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From Bethlehem to Calvary - Chapter Two - The First Initiation - The Birth at Bethlehem
Through love and loving practice we prove ourselves initiate in the mysteries. Born into the world of love at Bethlehem, the keynote of our lives from then on must be obedience to the highest that is in us, love to all beings, and complete confidence in the power of the indwelling Christ to demonstrate (through the outer form of our personalities) the life of love. The life of Christ is a life to be lived today, eventually by all. It is a life of joy and happiness, of test and of problems, but its essence is love and its method is love. It leaves us an example that we should follow His steps, and carry on the work which He initiated.

As we have traveled with Christ from Bethlehem towards the time when the second initiation draws near, what is the lesson we have learnt? How can we sum up the significance of that episode in terms of practical individual application? Has this episode any personal significance? What are the requirements and the possibilities which confront us? If a study of these five developments in the life of Christ are of no profit to us, and if they concern an unfoldment which can have no possible human interpretation, then all that has been written and taught, down the centuries, proves futile and [80] unavailing. The ordinary theological applications no longer make an appeal to the developed intelligence of man. Christ Himself is ever powerful to attract human interest, and to draw to Himself those who have the vision to see truth as it is and to hear the Gospel message in terms which each new age demands. It is a waste of time to go on elaborating this ancient story of the living Christ if it contains for us no specific message, if all that is required of us is the attitude of the onlooker and of the man who simply says: "This is so." This believing yet negative attitude has been held too long. Looking on at Christ from too great a distance, we have been so preoccupied with a realization of His achievement that our own individual part to be played eventually and inevitably has been forgotten. We have allowed Him to do all the work. We have tried to copy Him, and He does not want to be copied. He seeks to have us prove to Him, to ourselves, and to the world, that the divinity which is in Him is in us also. We need to discover that we can be as He is, because we have seen Him. He has had boundless faith in us and in the fact that "we are all the children of God," because "one is our Father," and His call goes out for us to tread the Path of holiness, and to achieve that perfection to which His life challenges us and for which He Himself tells us to work.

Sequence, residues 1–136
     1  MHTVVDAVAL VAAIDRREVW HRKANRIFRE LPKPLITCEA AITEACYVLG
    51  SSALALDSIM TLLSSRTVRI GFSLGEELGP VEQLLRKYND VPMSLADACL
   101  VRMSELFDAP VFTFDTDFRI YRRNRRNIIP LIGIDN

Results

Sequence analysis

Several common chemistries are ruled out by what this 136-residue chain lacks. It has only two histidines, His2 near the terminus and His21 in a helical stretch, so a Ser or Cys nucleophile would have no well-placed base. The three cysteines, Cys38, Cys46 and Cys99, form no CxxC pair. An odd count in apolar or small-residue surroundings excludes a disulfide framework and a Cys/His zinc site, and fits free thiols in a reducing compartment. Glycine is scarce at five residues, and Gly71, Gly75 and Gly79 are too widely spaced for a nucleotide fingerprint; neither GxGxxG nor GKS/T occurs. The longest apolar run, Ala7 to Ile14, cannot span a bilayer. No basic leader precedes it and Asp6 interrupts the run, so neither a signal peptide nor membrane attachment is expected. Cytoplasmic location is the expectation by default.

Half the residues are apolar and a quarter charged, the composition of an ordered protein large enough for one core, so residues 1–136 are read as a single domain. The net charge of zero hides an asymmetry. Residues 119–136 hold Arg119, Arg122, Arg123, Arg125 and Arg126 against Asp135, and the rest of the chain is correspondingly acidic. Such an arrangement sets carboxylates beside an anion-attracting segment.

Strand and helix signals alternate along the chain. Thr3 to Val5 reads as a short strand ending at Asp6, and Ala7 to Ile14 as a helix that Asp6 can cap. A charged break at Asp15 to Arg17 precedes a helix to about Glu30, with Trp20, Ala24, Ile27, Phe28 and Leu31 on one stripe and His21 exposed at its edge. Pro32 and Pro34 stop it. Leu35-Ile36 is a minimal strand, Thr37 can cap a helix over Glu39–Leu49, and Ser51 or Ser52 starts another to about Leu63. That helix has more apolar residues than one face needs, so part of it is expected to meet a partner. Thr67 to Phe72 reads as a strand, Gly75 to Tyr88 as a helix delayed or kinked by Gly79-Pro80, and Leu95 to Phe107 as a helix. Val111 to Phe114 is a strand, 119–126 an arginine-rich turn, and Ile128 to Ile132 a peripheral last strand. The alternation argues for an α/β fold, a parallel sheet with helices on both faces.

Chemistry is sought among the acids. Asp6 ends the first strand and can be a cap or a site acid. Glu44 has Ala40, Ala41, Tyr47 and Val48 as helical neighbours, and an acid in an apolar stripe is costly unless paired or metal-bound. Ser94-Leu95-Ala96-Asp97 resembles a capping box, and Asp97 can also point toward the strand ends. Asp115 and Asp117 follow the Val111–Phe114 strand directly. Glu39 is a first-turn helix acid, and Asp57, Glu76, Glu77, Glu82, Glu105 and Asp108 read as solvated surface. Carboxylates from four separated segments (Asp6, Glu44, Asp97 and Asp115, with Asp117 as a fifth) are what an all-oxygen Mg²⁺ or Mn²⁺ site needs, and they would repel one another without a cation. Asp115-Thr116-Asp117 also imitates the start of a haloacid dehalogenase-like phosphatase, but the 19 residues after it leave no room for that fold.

One wonders sometimes how right it has been for men to have accepted the ideas of St. Paul as given through translation down the centuries. The thought of sin is very little dwelt upon by Christ. It was emphasized by St. Paul, and the slant which he gave to Christianity is perhaps largely responsible for the dominant inferiority complex of the average Christian - an inferiority which Christ in no way taught. He calls us to holiness of life and admonishes us to follow in His steps, and not to follow in the steps, or to accept the interpretation of His words, which any disciple of His may advocate, no matter how highly esteemed or valuable.

What is this holiness to which He calls us, when we take the first step toward the new birth? What is a holy man?

Wholeness, unity, at-one-ment, completeness - this is the [81] hall mark of a perfect man. Having once seen and with open eyes beheld the vision of divinity, what can we do? In this question our problem is voiced. What is the next step, the immediate duty of the man who knows that, in himself, the new birth has not yet taken place, but who feels in himself a readiness to go up to Bethlehem, from Galilee, via Nazareth?

It entails, in the first place, effort. It means initiative, the expenditure of energy, the overcoming of inertia, and the will to exert oneself so that the initial journey can be taken. It means listening for and obeying the insistent demand of the soul for a nearer approach to God and a fuller expression of divinity; and yet "every individual is at some point torn between the splendid urge to go on towards understanding, and the craving to go back to safety."
- Psychology and the Promethean Will, by W. H. Sheldon, p. 47.

For there is difficulty and danger in the outlined way to the center. Much is to be overcome and faced. The lower nature (the Mary aspect) draws back from the issue, and prefers inertia and stability to the needed activity and to consequent relative and temporary uncertainty.